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Introduction to Protists

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1 Introduction to Protists
Origins of Eukaryotic Diversity Chapter 28 Introduction to Protists

2 Origin of Eukaryotes First eukaryotic organism thought to have evolved about 1.5 billion years ago Protozoans possible evolved from the 1st eukaryotes by Endosymbiosis Endosymbiosis – process where one prokaryote lives inside another becoming dependent upon each other

3 Origin of Eukaryotes Membrane-bound nucleus and organelles
Eukaryotic cell more complex than prokaryotic cell: Membrane-bound nucleus and organelles Chromosomes consist of DNA and histone proteins and occur in pairs. Protists, fungi, plants & animals are composed of eukaryotic cells.

4 Prokaryotic Cells

5 Eukaryotic Animal Cell
Typical Animal Cell

6 Eukaryotic Plant Cell Typical Plant Cell

7 Animal Vacuole Functions vacuole Plant mitochondria chloroplasts
Storage Support Water Regulation vacuole Plant mitochondria chloroplasts Both cell types have membrane-bounded organelles

8 Origin of Eukaryotes Endomembrane infolding
Infolding of membrane system forming nucleus and ER

9 Origin of Eukaryotes Evolution of eukaryotic cell- Endosymbiosis
Theory proposed by Mereschkovsky and refines by Margulis- serial endosymbiosis Mitochondria and plastids were prokaryotes that invaded larger cells Endosymbiont, ancestral mitochondria: Aerobic, heterotrophic & prokaryotic

10 Origin of Eukaryotes Ancestral chloroplasts were photosynthetic, prokaryotes that became endosymbionts Relationship began as parasitic or undigested prey Assumed here that endomembrane infolding evolved first, i.e., cell already evolved nucleus, ER, …

11 Endosymbiosis Hypothesis
A A prokaryote ingested some aerobic bacteria. The aerobes were protected and produced energy for the prokaryote A B C D Cyanobacteria Aerobic bacteria Mitochondria Chloroplasts N N N Plant cell Prokaryote N Animal Cell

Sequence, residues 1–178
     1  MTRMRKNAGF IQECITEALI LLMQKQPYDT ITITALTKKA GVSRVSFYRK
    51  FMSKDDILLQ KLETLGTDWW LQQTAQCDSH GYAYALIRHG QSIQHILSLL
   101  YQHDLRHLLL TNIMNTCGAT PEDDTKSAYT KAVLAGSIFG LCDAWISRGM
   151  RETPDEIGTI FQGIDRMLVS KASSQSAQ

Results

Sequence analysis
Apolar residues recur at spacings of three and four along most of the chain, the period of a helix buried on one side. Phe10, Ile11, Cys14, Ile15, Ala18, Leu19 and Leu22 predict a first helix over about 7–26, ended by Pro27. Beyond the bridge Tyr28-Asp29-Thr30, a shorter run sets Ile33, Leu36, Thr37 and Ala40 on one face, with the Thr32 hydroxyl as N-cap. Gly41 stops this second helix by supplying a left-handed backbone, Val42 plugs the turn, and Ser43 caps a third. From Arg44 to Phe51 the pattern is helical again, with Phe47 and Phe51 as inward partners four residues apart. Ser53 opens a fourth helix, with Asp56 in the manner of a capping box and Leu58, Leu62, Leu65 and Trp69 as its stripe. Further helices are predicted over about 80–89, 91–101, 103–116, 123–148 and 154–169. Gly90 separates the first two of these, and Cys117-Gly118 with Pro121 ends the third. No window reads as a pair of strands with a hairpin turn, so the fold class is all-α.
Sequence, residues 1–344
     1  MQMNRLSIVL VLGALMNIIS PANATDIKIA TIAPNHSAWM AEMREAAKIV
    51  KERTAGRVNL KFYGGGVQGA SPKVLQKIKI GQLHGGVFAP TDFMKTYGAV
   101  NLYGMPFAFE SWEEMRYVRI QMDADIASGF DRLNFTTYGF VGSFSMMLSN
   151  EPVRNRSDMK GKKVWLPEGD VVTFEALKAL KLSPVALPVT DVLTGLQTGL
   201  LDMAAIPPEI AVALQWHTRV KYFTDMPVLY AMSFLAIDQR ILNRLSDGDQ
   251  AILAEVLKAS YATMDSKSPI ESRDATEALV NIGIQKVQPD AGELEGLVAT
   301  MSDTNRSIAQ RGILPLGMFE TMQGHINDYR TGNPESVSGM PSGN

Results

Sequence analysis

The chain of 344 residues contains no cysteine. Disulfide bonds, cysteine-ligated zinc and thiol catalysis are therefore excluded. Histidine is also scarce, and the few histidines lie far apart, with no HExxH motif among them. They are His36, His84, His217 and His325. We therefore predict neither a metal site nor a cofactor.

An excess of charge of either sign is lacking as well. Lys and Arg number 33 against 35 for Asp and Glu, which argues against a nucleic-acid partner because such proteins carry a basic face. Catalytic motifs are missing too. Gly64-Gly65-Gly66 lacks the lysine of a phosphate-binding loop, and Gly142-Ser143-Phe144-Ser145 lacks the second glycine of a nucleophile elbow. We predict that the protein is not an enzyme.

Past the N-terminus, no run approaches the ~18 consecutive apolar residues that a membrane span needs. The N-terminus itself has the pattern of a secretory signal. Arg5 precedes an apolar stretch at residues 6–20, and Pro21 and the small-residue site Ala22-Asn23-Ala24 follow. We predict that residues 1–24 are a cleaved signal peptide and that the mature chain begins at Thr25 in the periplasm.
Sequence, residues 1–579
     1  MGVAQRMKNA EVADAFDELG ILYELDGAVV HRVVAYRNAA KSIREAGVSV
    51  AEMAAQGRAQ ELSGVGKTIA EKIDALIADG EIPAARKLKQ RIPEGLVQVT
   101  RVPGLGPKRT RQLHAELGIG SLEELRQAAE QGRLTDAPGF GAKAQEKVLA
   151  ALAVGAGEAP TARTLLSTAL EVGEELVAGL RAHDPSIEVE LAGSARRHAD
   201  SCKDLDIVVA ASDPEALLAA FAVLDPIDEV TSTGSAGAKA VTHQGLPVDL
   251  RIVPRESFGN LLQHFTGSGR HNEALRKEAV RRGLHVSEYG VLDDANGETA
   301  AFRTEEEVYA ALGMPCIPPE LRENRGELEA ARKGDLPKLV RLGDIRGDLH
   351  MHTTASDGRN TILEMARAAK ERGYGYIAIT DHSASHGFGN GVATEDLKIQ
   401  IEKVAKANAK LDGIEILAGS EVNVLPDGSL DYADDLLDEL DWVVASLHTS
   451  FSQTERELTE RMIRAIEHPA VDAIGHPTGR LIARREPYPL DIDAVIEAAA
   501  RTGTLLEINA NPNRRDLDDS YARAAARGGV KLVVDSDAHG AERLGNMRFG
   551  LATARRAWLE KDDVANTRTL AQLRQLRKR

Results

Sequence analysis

12 Endosymbiosis Hypothesis
Over a long period of time the aerobes became mitochondria, no longer able to live on their own A B C D Cyanobacteria Aerobic bacteria Mitochondria Chloroplasts N N N Plant cell Prokaryote N Animal Cell

13 Endosymbiosis Hypothesis
C Some primitive prokaryotes also ingested cyanobacteria, which contain photosynthetic pigments A B C D Cyanobacteria Aerobic bacteria Mitochondria Chloroplasts N N N Plant cell Prokaryote N Animal Cell

14 Endosymbiosis Hypothesis
Cyanobacteria became chloroplasts, unable to live on their own A B C D Cyanobacteria Aerobic bacteria Mitochondria Chloroplasts N N N Plant cell Prokaryote N Animal Cell

15 Secondary Endosymbiosis and Origin of Algal Diversity
Algae AB N N Secondary endosymbiosis N Heterotroph C Algae ABC Many membrane layers

16 Secondary Endosymbiosis
Fig Secondary Endosymbiosis Plastid Dinoflagellates Secondary endosymbiosis Apicomplexans Cyanobacterium Red alga Primary endosymbiosis Stramenopiles Heterotrophic eukaryote Plastid Secondary endosymbiosis Over the course of evolution, this membrane was lost. Euglenids Secondary endosymbiosis Green alga Chlorarachniophytes

17 LUCA model places the archaea as more closely related to eukaryotes than they are to prokaryotes.

18 Common ancestral community of primitive cells model
All three domains seem to have genomes that are chimeric mixes of DNA that was transferred across the boundaries of the domains.

19 Fig. 28.8 Copyright © 2002 Pearson Education, Inc., publishing as Benjamin Cummings

20 Five Supergroups Excavata Chromalveolata Rhizaria Archaeplastida
Euglenoids Chromalveolata Dinoflagellates, diatoms, golden and brown algae Rhizaria Forams and radiolarians Archaeplastida Red and green algae Unikonta Slime molds

21 Plantae Fungi Animalia
Kingdom Protista Plantae Fungi Animalia Protista Monera prokaryotic eukaryotic

22 Kingdom Protista Eukaryotic Mostly unicellular
A very heterogeneous group include both heterotrophic and photoautotrophic forms 11 phyla Lots of disagreements Whittaker = “leftovers”